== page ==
Author ORCID Identifier


Date of Graduation


Document Type

Thesis (MS)

Program Affiliation

Biomedical Sciences

Degree Name

Masters of Science (MS)

Advisor/Committee Chair

Dr. Sean I. Savitz

Committee Member

Dr. Jaroslaw Aronowski

Committee Member

Dr. Matthew T. Harting

Committee Member

Dr. Harry Karmouty-Quintana

Committee Member

Dr. David W. Marshak

Committee Member

Dr. Scott D. Olson


Background: Ischemic stroke is a leading cause of death and long-term disability

around the world. Current treatment options are limited to the administration of

tissue plasminogen activator (tPA) and/or endovascular therapy, administered within

a limited time window. However, cell-based therapies such as mesenchymal stromal

cells (MSCs) have increasingly shown great promise for ischemic stroke recovery

with some therapies already in various stages of clinical trials. Intravenous (IV)

administration of the MSCs leads to the entrapment of these MSCs in the lungs.

These entrapped MSCs interact with the pulmonary endothelial cells (PECs) and

could modulate the immune response through the release of cytokines and

chemokines. Monocyte Chemoattractant Protein - 1 (MCP-1), is an important

chemokine involved in the recruitment of monocytes and macrophages. In our study,

we wanted to explore the interactions between MSCs with PECs and how this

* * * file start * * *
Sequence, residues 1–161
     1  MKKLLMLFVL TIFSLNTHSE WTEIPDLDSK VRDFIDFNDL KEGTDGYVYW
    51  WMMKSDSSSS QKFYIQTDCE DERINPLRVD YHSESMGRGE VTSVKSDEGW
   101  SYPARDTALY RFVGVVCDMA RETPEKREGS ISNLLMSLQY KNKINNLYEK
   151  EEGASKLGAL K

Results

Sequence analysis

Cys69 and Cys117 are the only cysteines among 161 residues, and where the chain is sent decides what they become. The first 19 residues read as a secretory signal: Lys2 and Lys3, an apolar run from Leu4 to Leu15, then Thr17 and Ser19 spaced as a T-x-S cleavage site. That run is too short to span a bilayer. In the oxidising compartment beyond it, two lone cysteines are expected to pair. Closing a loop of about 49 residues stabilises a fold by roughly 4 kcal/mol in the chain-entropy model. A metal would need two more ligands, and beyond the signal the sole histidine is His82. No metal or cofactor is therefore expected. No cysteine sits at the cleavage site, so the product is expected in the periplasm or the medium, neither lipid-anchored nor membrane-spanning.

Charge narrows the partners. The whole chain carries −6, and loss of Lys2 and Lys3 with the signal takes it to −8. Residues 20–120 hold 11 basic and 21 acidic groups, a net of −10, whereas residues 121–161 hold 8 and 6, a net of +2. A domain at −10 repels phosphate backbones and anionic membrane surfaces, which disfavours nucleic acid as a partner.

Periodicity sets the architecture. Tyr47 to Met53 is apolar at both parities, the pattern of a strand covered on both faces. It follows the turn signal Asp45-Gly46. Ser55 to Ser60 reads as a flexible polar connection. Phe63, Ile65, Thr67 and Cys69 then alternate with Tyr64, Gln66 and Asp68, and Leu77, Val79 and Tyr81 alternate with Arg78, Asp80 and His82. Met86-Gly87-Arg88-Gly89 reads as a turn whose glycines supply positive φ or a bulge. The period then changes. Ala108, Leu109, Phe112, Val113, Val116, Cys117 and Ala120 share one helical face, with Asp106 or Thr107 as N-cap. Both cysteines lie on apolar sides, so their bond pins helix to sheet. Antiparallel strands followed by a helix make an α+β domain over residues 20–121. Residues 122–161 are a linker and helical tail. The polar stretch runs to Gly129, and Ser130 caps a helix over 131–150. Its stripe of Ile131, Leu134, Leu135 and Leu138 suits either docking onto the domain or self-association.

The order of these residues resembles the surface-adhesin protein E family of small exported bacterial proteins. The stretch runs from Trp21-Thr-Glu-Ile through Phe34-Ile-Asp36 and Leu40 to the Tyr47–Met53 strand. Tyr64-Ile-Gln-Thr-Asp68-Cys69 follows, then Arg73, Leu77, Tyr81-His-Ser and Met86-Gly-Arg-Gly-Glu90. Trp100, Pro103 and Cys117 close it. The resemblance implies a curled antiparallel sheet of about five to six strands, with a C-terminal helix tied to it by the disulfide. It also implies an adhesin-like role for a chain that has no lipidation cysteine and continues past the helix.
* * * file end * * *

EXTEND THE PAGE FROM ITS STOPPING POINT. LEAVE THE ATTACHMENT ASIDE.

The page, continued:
interaction changes the expression levels of MCP-1 and other cytokines after an

inflammatory event such as stroke. We also wanted to see if MCP-1 released

through the interaction between MSCs and PECs under inflammatory conditions,

modulates the immune response through the modification of monocytes.

Methods: Cultured murine PECs were grown either alone or in a combination of

murine MSCs, and were exposed to 1) a combination of IFN-γ and TNF-α

inflammatory stimuli or 2) Anti MCP-1 antibody to neutralize any secreted MCP-1.

The secretome release of IL-1β, IL-1ra, IL-6, MCP-1, and VEGF were analyzed

using ELISA (BD Biosciences and R&D Systems). To further understand the

immunomodulatory response, the collected media from the previous step was added

to splenic immune cells (CD11b+) and splenic monocytes (CD115+). The secretome

release was analyzed from these cells using ELISA.

Results: MCP-1 secretion levels were increased from PECs as well as co-cultures

of PECs and MSCs when they were exposed to inflammatory stimuli. When

cocultures of PECs and MSCs were exposed to recombinant MCP-1 or MCP-1

neutralizing antibody, VEGF secretion levels decreased. In the presence of

inflammatory stimuli, co-cultures of PECs and MSCs secreted elevated levels of

VEGF. While under inflammation, we also observed that IL-6 levels were elevated

and they remain elevated even when MCP-1 was neutralized. We did not observe

any difference in secretome release from neither the splenic immune cells (CD11b+)

nor the splenic monocytes (CD115+).

Conclusion: Our data show that MCP-1 release under stroke-like conditions is

modulated through the interaction of PECs and MSCs. However, our study was

unable to elucidate MCP-1’s role in the modification of monocytes.


Stroke, Cell Therapy, Mesenchymal Stromal Cells, Pulmonary Endothelial Cells, Immunomodulation, Monocytes, MCP-1, IL-6, VEGF